Wellington District Court getting $20 million upgrade

When Justice Minister Geoffrey Palmer hopped onto a digger to be photographed looking very enthusiastic about the construction of the Wellington District Court back in 1989 he was no doubt envisioning a modern courthouse fit for the future. Fast forward 30 years and the current Justice Minister is being shown around...

Flourishing: A different perspective on mental well-being

Sociologist Charles Wright Mills’ idea that: “we cannot see what is ‘out there’ merely by looking around” sums up an important reality. What we see and what we don’t see depends entirely on the lenses through which we view the world. By putting on a different lens, we are able to take new...

Lawyers, wellness and high trust professional relationships

The ability as a lawyer to develop high trust professional relationships quickly and reliably may not be a topic you have thought about much. It’s something we take for granted. Presumably, when we were young, we learned to get along with other people. Nevertheless, a not inconsiderable amount of my work with...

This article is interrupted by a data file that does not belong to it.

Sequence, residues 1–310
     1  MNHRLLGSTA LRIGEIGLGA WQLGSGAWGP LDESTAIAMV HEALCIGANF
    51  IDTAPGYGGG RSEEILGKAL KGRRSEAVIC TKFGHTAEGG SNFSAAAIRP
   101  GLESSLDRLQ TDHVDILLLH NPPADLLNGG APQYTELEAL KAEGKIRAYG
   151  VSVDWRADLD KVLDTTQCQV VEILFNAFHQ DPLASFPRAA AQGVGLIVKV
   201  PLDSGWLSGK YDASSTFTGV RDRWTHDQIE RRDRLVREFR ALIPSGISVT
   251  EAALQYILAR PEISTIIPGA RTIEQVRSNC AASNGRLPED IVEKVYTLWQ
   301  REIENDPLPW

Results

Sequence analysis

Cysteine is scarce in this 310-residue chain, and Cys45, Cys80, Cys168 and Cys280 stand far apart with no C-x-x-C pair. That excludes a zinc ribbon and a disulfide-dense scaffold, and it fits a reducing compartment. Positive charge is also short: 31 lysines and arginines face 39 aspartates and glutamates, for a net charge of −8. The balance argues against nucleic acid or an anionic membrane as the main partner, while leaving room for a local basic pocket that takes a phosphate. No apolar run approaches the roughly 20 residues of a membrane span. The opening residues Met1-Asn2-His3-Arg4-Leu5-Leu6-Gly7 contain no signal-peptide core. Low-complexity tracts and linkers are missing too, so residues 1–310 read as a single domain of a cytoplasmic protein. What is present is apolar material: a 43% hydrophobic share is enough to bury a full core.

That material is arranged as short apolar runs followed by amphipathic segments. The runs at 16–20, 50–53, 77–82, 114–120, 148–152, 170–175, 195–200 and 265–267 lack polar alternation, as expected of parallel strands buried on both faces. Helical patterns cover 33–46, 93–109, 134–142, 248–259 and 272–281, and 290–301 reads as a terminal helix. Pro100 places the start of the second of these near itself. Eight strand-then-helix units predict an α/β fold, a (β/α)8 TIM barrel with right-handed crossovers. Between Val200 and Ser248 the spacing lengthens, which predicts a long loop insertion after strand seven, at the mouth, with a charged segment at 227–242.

The ‘new normal’ for in-house legal functions

In 2017 one of my colleagues at Lawyers on Demand (LOD), Sarah Taylor, investigated flexible working in the legal profession after receiving a scholarship from the In-house Lawyers Association of New Zealand (ILANZ). Sarah found that while there were some in-house lawyers working flexibly, many in-house functions were slow to offer...

Recent legal books

Reviewed by Frank Neill Law of Charity – 2nd editionBy Juliet Chevalier-Watts Just as charity is an important part of society, so this book is an important resource for those involved in charity and charitable trusts. A leading scholar on the subject, Juliet Chevalier-Watts provides a detailed and authoritative commentary on New...

Law on the Telly: Bungay On Crime